the fishermen are patient
their lines settle in clear water
their wide-brimmed hats
will keep off
on the boulevards meantime
carriages come and go
doctors to quiet basements
and children to circuses
music masters to doleful violins
and lovers to strange ceremonies
of whalebone and gardenias
the fishermen are unimpressed
over clear water
where the rod’s end dances
the world is almost
and everything that matters
about to happen
—Alasdair Paterson from Strictly Private
Analysis : SMALL-SCALE FISHERIES
The Trickle-down Catch
Broad governance issues hamper the sustainable management of small-scale fisheries in developing countries
Problems cannot be solved at the same level of awareness that created them.
The current world fisheries crisis is characterized by vast overcapacity of fishing fleets, growing depletion of major fish stocks, evaporation of economic rent, and high incidence of illegal, unreported and unregulated (IUU) fishing. The crisis has been fuelled by ineffective governance, and is now exacting increased efforts from fisheries administrations worldwide to dedicate increased resources to improve governance of fisheries sectors, and reverse current trends.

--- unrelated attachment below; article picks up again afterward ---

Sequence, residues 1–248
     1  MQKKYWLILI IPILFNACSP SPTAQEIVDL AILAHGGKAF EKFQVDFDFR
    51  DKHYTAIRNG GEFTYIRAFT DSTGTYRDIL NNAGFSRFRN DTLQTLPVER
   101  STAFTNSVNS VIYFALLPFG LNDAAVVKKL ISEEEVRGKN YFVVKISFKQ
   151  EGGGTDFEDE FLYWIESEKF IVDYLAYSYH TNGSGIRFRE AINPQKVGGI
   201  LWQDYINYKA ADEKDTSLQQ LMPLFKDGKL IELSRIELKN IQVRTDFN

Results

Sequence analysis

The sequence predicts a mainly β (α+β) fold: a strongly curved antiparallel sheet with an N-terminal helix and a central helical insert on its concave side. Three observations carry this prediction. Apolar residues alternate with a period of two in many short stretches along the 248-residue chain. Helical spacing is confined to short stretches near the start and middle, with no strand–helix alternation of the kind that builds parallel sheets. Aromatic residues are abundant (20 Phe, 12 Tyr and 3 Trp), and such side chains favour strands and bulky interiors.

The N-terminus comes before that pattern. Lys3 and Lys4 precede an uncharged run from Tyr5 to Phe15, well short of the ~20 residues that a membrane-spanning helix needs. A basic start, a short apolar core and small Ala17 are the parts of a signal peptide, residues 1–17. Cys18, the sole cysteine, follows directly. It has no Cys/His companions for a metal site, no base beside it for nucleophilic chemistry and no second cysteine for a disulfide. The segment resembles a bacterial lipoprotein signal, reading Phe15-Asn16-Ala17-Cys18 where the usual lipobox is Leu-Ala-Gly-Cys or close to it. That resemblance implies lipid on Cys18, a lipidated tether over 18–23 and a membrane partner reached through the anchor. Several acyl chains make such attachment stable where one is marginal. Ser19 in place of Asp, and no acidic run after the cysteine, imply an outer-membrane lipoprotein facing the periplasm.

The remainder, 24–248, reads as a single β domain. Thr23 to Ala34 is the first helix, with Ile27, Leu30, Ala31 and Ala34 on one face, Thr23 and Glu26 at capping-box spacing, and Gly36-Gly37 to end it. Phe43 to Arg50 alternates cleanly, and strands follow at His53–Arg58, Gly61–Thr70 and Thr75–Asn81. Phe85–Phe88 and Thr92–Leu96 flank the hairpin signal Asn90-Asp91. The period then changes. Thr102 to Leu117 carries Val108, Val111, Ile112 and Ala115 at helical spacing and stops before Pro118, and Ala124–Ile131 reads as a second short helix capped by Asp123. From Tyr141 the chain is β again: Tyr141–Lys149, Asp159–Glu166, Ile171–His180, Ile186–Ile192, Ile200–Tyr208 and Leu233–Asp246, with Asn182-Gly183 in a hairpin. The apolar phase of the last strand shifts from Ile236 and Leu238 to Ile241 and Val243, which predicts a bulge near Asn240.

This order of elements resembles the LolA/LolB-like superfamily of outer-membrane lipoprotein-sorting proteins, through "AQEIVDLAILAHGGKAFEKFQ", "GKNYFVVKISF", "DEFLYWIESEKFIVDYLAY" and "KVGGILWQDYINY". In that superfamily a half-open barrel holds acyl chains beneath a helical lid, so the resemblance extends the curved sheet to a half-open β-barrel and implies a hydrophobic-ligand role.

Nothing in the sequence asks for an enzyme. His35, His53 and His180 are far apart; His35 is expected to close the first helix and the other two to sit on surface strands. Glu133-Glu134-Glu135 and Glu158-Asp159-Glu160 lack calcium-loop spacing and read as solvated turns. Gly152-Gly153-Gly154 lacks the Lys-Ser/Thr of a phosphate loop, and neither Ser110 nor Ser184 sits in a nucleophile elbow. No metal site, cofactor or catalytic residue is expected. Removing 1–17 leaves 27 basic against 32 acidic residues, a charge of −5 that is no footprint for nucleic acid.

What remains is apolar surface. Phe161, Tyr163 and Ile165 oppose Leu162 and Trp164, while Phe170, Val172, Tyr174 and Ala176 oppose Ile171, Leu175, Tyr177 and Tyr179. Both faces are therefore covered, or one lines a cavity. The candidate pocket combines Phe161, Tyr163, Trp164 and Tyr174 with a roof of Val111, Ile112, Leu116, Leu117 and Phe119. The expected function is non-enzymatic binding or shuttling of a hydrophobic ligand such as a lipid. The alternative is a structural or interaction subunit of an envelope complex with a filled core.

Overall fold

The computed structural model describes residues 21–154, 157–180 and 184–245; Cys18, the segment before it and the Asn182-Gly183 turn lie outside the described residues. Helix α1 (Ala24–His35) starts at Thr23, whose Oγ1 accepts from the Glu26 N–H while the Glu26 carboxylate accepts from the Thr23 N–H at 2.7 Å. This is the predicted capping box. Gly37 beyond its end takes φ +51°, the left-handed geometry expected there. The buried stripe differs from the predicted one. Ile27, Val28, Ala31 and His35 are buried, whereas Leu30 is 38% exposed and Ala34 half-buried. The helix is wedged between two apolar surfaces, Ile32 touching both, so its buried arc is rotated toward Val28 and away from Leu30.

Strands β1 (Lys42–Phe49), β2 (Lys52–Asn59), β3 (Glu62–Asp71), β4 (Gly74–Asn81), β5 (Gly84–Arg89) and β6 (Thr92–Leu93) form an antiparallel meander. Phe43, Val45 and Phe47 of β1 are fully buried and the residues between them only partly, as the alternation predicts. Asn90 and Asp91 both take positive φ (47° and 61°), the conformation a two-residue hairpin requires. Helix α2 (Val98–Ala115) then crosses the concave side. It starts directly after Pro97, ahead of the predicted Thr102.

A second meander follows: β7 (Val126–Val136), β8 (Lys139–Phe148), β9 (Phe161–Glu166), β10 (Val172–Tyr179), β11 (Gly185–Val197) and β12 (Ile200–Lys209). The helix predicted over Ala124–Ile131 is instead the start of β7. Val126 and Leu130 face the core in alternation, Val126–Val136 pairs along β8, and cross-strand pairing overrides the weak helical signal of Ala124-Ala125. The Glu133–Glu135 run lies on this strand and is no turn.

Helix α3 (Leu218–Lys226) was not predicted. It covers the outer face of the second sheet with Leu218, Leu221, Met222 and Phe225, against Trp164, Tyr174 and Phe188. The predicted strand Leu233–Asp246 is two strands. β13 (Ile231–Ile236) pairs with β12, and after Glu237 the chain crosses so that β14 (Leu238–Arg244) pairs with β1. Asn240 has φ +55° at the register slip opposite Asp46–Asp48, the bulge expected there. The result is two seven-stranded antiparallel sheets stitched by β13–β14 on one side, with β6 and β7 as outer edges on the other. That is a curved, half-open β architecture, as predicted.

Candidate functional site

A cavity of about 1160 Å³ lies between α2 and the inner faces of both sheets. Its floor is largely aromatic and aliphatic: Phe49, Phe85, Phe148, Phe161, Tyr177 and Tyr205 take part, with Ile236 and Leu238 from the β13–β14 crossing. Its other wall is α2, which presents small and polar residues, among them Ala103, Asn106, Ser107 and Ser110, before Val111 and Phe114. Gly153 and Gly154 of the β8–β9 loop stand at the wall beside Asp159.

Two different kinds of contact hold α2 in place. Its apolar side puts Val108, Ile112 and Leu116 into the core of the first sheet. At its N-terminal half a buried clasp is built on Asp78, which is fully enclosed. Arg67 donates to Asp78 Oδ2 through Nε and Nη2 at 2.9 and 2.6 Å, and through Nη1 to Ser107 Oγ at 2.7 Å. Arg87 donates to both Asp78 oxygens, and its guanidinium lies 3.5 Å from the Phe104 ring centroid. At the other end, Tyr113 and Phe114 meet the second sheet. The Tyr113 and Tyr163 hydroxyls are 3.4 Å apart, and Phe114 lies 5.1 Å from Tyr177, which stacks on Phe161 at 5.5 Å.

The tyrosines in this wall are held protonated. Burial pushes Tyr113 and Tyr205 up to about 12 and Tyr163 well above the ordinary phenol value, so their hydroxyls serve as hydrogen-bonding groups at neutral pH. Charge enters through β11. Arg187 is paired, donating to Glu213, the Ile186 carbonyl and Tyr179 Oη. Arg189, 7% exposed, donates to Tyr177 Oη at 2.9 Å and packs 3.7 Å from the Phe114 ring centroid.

The crisis has been largely driven by expanding world markets for fisheries products. Demand for fish has been rising unabated for the last three decades, and fish has now become the most traded and most valuable natural resource commodity in the world. About 40 per cent of all harvested marine products enter global fish trade, whose export value has reached nearly US$90 bn per year, a value which has increased by around 1,000 per cent since 1976. All of this is not without impact on smallscale fisheries.
My musings address some of the broader...